When it comes to getting films financed, paying attention to global distribution and choosing bold projects is paramount in 2016. That’s according to several top producers and film sales company executives at a state of film financing panel today at the Produced By Conference.
“If you’re going to be an independent producer, you have to pay attention to the international marketplace,” said Basil Iwanyk, founder and owner of financing and production company Thunder Road Pictures, which produced last year’s Sicario, 2010’s Ben Affleck-directed The Town and this year’s Gods of Egypt. (While Gods of Egypt didn’t do well domestically, it made $40 million in China, Iwanyk said.)
Leslie Urdang, president of Mar-Key Pictures (Beginners, Rabbit Hole), noted a lot of international and Russian interest in director Michael Mayer’s upcoming adaptation of Chekov’s The Seagull, starring Annette Bening and Saoirse Ronan, produced by her company.
“We had some equity investors who were as passionate about the project as we are,” said Urdang, pointing out the “four prongs of financing”: soft money, pre-sale, debt financing and equity investors. I always say, ‘You WILL a movie into existence.’ You have to pay such attention to it, and make it as beautifully as you can.”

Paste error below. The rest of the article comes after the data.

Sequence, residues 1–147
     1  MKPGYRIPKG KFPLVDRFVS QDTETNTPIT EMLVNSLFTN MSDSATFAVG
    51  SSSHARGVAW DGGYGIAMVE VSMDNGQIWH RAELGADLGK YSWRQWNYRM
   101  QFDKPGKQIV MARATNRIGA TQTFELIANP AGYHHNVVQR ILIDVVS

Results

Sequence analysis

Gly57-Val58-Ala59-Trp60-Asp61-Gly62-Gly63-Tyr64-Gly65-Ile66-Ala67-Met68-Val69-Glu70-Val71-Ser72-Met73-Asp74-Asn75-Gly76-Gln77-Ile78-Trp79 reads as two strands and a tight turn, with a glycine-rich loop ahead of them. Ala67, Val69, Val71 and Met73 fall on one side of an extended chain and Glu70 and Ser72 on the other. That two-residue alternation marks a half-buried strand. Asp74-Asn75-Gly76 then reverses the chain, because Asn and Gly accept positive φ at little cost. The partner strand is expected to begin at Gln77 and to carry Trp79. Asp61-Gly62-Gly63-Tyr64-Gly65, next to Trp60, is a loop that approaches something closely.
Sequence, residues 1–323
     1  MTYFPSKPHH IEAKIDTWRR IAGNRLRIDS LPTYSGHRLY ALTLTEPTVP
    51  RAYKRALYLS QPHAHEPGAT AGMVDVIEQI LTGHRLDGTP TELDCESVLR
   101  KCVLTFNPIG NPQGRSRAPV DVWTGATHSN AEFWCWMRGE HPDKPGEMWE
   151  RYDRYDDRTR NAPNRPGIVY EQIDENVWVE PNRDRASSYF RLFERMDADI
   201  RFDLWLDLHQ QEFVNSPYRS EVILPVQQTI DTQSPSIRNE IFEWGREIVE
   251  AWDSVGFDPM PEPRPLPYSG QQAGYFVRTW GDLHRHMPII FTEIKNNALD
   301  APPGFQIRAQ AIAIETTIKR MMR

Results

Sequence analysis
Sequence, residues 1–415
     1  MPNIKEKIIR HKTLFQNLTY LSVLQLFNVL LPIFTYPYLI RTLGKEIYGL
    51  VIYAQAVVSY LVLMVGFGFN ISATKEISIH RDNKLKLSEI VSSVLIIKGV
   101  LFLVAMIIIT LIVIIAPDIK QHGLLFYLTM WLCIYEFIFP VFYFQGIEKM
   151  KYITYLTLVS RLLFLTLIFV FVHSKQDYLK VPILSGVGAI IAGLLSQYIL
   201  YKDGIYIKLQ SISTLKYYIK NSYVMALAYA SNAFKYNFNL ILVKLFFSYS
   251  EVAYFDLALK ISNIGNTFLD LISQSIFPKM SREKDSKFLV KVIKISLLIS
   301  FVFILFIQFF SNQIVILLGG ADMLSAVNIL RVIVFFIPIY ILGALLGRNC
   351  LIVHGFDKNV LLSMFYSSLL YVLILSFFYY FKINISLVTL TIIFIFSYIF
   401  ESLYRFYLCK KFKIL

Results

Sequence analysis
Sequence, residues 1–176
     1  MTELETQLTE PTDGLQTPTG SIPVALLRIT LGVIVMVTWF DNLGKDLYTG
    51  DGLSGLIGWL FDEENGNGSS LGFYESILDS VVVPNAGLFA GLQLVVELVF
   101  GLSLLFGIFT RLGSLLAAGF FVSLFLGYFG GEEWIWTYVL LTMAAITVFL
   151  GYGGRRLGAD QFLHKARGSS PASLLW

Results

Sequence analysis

Panelist Nick Meyer, president and CEO of film finance and production company Sierra/Affinity, which sold 2014’s Nightcrawler and Whiplash, managed to quickly sell Aaron Sorkin’s script Molly’s Game at Cannes despite its whopping 190 pages.
He and Iwanyk hammered home that films, more and more, need to have a distinct hook and storyline. “If audiences smell something that’s bold and ballsy and singular,” that’s what will survive as a success, said Iwanyk. “We’ve tried to make and develop projects we would like to see.”